Thursday, June 5, 2014

D-1: Before Dawn: Coup d'Oeil: The Landscape

The 6th, 82nd and 101st are in the air, flying to war in darkness. By moonlight they will land on their EUREKA beacons.

Twenty-three thousand men are going into battle. It is a ridiculously large number of precious infantry, and, large as it is, it could have been more had there been enough aircraft. British 1st Airborne is in the United Kingdom, while the American 17th is held up in Boston by shipping priorities. A parachute division looks like this (in truncated form from here):

Divisional HQ
3rd Para Brigade HQ 
 8th (Midland Counties) Parachute Battalion
Battalion HQ (inclusive:  Signals Platoon; Anti-Tank Platoon; Medium Machine Gun Platoon; Mortar Platoon ;
3 Cos., each of 3 platoons
  9th (Home Counties) Parachute Battalion
1st Canadian Parachute Battalion
3rd Airlanding Anti-Tank Battery, RA: 4 troops, 8 17 pounders, 8 6 pounders
 3rd Parachute Squadron, RE; 224th Parachute Field Ambulance, RAMC
  5th Para Brigade
  6th Airlanding Brigade ( 3 battalions, mostly to follow on the evening of the 6th)
   Under Division
 53rd (Worcestershire Yeomanry) Airlanding Light Regiment, RA (arrived by sea); 
2 Forward (Airborne) Observation Unit, RA; 
2nd Airlanding Light Anti-Aircraft Battery, RA; 22nd Independent Parachute Company
6th Airborne Armoured Reconnaissance Regiment
  Regimental HQ (Includes Light Aid Detachment; Mortar Section; Despatch Rider Troop
  A Squadron (Light Tanks*)
  B Squadron (Reconnaissance)
  R Squadron (Support)
286th (Airborne) Field Park Company, RE
6th Airborne Divisional Signals
63rd Composite Company, RASC
 398th Composite Company, RASC
716th Light Composite Company, RASC
 6th (Airborne) Divisional Ordnance Field Park, RAOC
 6th (Airborne) Divisional Workshops, REME
 Two Airlanding Light Aid Detachments, REME
 6th (Airborne) Divisional Provost Company, CMP
317 (Airborne) Field Security Section, Intelligence Corps
 6th Airborne Divisional Postal Unit (note that the parachute posties record two wounded in the campaign; no word on whether they jumped into battle)
  Attached units: The Glider Pilot Regiment (39 deaths)

Although my intent in reproducing a divisional order of battle is to emphasise how many non-infantry badges jumped into battle, this is a lot of airborne rifles.


Now let's take an impression of  landscape instead of seascape. Yes, the scaling will be extreme, but I used a pasted in Order of Battle to push it below the box!

Here's the invasion coast.

Notice that it is framed by Cherbourg in the east and Le Havre in the west. World War II, amazingly enough, is not the first war to have ever happened. It is not even the first to feature threatened invasions of France by Britain. Or, for that matter, of Britain by France.  That is why Cherbourg and Le Havre are blessed with centuries of fortifications. Not that we care when we write about D-Day, in spite of Nicholas Lambert's heroic effort to put "battleships versus fortresses" back at the centre of Nineteenth Century naval history in lieu of overcooked Mahan. Civil engineering just is. You practically have to stumble across it for it to make it into a campaign history.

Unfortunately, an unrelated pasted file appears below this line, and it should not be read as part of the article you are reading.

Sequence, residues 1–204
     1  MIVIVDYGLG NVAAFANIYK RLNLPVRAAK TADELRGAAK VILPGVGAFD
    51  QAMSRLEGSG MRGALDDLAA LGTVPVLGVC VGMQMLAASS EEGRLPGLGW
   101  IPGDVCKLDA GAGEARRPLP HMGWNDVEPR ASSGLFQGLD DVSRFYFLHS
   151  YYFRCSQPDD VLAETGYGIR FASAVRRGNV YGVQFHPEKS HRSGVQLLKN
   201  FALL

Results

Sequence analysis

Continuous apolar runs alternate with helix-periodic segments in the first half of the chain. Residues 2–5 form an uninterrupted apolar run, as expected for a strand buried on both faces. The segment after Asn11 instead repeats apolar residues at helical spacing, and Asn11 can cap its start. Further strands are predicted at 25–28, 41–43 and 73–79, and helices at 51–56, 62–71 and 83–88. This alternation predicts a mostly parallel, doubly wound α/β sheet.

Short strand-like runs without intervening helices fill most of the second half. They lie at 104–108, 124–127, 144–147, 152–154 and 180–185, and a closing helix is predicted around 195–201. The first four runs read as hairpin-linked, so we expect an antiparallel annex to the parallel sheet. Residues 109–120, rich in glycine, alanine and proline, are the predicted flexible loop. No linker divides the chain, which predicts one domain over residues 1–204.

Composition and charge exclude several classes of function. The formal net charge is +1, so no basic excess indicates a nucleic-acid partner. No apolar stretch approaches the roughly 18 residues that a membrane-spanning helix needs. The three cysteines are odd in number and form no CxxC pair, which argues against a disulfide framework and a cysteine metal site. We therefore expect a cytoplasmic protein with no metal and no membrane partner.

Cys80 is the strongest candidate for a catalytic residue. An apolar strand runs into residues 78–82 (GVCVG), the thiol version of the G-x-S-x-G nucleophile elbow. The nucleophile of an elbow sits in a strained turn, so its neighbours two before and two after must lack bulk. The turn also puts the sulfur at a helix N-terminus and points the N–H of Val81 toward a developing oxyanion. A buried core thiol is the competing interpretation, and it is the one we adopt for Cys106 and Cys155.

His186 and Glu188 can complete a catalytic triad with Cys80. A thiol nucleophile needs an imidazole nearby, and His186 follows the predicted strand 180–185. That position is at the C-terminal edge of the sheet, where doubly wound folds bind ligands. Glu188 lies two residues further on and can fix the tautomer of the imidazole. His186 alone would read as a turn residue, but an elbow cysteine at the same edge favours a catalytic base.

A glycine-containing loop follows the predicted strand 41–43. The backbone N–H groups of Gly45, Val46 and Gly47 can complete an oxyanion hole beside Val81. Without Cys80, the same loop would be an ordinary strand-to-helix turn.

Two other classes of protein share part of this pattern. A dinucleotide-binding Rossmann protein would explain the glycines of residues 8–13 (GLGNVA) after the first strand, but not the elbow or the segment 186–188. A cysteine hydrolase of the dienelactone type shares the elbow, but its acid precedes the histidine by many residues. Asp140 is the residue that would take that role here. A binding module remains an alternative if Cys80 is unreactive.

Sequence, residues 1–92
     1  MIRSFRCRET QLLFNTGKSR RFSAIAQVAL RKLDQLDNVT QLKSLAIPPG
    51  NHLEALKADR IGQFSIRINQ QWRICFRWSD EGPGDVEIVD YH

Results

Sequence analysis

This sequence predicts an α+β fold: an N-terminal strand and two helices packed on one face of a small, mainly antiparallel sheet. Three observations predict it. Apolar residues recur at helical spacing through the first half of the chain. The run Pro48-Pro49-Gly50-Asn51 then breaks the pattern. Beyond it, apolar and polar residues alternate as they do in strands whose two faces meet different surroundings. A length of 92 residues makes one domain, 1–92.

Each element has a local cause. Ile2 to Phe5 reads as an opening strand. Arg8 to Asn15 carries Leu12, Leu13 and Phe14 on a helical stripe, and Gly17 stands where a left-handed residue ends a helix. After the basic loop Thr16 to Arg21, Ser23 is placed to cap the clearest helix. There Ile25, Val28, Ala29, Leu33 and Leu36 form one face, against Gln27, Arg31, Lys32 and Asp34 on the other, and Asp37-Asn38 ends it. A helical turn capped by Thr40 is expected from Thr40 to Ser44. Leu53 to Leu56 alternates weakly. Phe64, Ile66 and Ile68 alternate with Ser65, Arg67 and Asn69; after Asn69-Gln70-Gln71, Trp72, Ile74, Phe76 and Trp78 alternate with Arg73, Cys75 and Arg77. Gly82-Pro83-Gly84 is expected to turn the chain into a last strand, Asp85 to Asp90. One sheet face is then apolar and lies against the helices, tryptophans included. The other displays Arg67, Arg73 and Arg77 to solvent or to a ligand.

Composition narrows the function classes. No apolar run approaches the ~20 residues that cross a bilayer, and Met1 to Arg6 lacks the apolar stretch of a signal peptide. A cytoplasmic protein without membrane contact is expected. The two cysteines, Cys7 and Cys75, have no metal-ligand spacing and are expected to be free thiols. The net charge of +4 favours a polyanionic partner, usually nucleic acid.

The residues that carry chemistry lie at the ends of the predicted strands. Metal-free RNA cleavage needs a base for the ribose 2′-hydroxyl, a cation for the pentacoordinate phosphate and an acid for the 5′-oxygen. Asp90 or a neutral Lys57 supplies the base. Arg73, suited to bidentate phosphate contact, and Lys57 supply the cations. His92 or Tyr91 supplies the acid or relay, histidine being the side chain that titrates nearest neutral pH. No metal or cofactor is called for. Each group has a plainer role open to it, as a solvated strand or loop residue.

Well, I  care. Or, at least, try to care, when it comes to rehabilitating Cherbourg. Lambert is, or was, before he decided that World War I was more fun, on a course that might have led to a full-scale reinterpretation of the grand civil engineering projects that made the modern port city, one which would have required us to explore the power of masonry to resist guns, sea, and locomotive pounding. But we do not need to know such things, and Doctor Lambert is instead lecturing as a "visiting affiliate professor" at Maryland.

Today is not the time to contemplate Cherbourg. It is to foreshadow tomorrow (hopefully)'s climactic post and then look at some maps. The invasion is going to come between the two fortresses. It would be crazy to attack them directly, as they are much more heavily fortified than the land between. Which is not to say that the land between is not fortified. Because, again, long history, full of maudit Anglais.

The River Orne:

Once again, the roadmap version is more useful than Google Earth. The reason for this is simple enough. This is a human landscape. The River Orne is only 170 kilometers long, but discharge at its mouth is an average 27.5 cubic metres/second. That's almost half the average discharge of the Thames! The reason for that is that it drains a very wet piece of land. The grids surrounding the Norman towns in this picture are the drainage ditches that turn marshes into fields. If you have ever wondered what made the very ordinary crossing that would become Pegasus Bridge so important, here is the answer. The Orne is a well-trained river. Choices have been made about where it can and cannot be crossed. The unprepossessing bridge is a classic example of the lock bridges that have proliferated on the canalised rivers of Europe since the Industrial Revolution, and the causewayed road that serves it is the only way to get from land to river and back because that is how the drainage of the surrounding fields is best organised. Notice that the river work has created a basin beyond the Caen Ship Canal? This kind of thing is going to turn out to be important.